In choosing taxa for the continental scale

June 16, 2010

Over my past two and a half years at NEON, there is one question that I have been asked more than any other: Why is NEON not studying *--insert taxon of interest--*? I think an easier way to address this question would be to consider: How did NEON choose its sentinel taxa (i.e., organisms of focus)? NEON is tasked with enabling research that addresses several Grand Challenges (biogeochemistry, biodiversity, climate change, ecohydrology, infectious disease, land use and invasive species). To best address the Grand Challenges, NEON selected key sentinel organisms the Fundamental Sentinel Unit (FSU) team will observe that represent different phylogenetic complexities, life histories, and responses to community and environmental changes. These organisms all have broad geographic distributions, generally have high population turnover rates, and are thought to be sentinels of changes in the environment. Sentinel organisms were also chosen to represent a broad spectrum of taxon sensitivity to various changes in community composition, land use, and climate. With these objectives in mind, NEON will focus on the following sentinel taxa: soil bacteria, archaea and fungi; ground beetles; mosquitoes; small mammals such as Peromyscus spp (deer mice); plants; and birds. NEON will also focus on several aquatic sentinels, but I will only discuss the terrestrial sentinel taxa here.

Soil microbes have been chosen because they are intimately tied to ecosystem function and health and have the ability to respond rapidly to environmental changes. Developing an understanding of their phylogenetic diversity, their role in biogeochemical processes, and how these relate to one another will address three of NEON’s Grand Challenges.

Ground beetles are well known taxonomically. Further, they are relatively common in many habitats, are known to be sensitive to habitat change, vegetation and soil conditions, and have been extensively used as indicators of environmental change.

Mosquitoes were chosen because they are ubiquitous and important vectors of disease. They are also relatively easy to sample and populations are sensitive to climate variation. Mosquito species range expansions and invasions of non-native species are presently occurring (e.g., Aedes albopictus, which is spreading across North America) and expected to increase with warming climates in temperate latitudes, which can impact the spread of disease.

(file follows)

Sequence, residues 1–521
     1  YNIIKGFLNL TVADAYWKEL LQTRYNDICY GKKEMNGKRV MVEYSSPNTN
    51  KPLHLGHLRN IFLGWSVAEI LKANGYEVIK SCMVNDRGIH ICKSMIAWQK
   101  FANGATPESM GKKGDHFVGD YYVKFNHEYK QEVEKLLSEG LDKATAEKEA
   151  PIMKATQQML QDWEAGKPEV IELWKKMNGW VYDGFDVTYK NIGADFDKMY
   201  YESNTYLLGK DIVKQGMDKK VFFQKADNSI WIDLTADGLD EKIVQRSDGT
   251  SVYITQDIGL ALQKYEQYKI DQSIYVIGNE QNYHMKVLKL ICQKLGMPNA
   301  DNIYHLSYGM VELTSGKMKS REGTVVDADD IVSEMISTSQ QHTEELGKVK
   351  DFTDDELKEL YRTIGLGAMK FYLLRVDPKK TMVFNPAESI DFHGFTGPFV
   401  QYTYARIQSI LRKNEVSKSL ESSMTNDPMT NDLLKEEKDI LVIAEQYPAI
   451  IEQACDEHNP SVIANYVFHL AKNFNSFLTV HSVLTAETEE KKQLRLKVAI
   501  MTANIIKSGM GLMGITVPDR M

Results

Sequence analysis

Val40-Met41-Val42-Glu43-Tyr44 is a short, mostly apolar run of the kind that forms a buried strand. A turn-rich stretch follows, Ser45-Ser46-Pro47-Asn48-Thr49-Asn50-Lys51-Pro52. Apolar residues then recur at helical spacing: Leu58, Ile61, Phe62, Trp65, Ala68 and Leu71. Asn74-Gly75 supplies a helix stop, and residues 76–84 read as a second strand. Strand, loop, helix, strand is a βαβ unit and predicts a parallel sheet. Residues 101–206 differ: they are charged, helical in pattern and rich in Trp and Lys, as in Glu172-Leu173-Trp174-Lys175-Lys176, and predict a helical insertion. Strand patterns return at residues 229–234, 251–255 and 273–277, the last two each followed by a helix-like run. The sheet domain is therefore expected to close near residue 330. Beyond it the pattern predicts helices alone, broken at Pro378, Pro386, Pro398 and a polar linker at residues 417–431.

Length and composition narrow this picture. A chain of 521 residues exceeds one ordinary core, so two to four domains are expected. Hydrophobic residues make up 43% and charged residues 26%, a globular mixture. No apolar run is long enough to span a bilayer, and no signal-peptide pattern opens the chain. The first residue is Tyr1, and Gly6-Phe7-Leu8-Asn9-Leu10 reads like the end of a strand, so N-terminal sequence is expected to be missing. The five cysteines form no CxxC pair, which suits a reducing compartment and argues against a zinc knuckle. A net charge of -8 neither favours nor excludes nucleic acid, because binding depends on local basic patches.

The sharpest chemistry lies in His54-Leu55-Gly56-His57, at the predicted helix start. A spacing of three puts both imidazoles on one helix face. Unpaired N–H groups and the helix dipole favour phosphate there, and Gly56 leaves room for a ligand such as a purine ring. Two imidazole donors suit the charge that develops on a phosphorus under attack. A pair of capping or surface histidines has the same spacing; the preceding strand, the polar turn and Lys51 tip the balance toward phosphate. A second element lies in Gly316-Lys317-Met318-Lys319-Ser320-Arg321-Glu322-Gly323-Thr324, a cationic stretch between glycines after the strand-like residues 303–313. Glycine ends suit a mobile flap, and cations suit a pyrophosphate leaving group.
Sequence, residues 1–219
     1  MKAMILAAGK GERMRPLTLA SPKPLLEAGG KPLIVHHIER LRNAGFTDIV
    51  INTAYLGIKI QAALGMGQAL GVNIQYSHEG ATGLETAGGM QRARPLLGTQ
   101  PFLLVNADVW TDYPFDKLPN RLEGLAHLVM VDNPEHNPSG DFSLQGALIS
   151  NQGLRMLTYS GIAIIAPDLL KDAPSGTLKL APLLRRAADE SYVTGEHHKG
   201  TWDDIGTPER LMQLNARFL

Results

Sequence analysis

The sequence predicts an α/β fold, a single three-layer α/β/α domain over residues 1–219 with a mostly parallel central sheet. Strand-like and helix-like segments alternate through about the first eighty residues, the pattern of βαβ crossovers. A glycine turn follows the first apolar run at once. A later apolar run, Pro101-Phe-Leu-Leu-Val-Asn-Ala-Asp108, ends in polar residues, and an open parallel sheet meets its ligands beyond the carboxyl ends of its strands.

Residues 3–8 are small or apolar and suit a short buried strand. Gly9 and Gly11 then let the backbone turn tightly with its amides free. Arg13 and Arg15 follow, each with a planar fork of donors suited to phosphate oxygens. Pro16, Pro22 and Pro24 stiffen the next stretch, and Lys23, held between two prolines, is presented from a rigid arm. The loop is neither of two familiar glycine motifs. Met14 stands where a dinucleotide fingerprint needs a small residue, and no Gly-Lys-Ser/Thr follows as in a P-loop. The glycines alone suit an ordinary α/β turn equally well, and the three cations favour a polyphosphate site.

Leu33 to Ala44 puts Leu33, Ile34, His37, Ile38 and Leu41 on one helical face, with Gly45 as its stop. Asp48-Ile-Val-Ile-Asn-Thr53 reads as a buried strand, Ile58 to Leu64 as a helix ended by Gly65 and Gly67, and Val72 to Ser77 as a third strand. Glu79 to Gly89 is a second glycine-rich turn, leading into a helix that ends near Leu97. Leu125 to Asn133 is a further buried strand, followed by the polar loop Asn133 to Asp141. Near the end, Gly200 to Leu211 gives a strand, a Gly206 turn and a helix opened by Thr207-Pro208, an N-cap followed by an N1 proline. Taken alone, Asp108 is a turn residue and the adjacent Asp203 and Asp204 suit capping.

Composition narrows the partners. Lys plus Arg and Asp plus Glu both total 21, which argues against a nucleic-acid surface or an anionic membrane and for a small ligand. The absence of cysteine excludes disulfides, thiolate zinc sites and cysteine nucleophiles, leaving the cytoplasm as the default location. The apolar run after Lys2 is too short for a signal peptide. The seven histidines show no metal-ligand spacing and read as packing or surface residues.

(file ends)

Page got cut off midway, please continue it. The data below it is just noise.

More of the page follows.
Peromsycus serve as sources of infectious disease including Hantavirus, Lyme disease, plague, and tularemia. Peromyscus spp population size can be linked to land use and climate change, and therefore it also serves as a good indicator species. Long-term monitoring of plant communities will help address changes in biodiversity, invasive species, and productivity. Additionally, three species shall be chosen at each site to study phenology.

Birds were chosen because of the long history of data collection at the national scale, and the ability to tie into a larger dataset to examine long term trends. Bird diversity is related to several of the grand challenge areas (e.g., diverse bird communities can be indicators of highly functioning food webs).

While one would love to be able to study all things at all times, clearly, as with all projects, one must make hard decisions to limit the scope of the research so that the work is meaningful and can still be done within a defined budget. Though I was not involved with NEON during the original taxon selection process, I now have a deep appreciation for the impacts of taxon selection on the larger project and how difficult it is to design a project with the large spatial and temporal scope that NEON has. I think it is useful to remember the context in which these taxa have been chosen and how they will be used during NEON operations. Given NEON’s large scope and the requirement to design standardized sampling methods for all sentinel taxa at all 60 NEON sites, I think the sentinel taxa do a very good job addressing all of the Grand Challenges and will provide an enormous wealth of data across several trophic levels.

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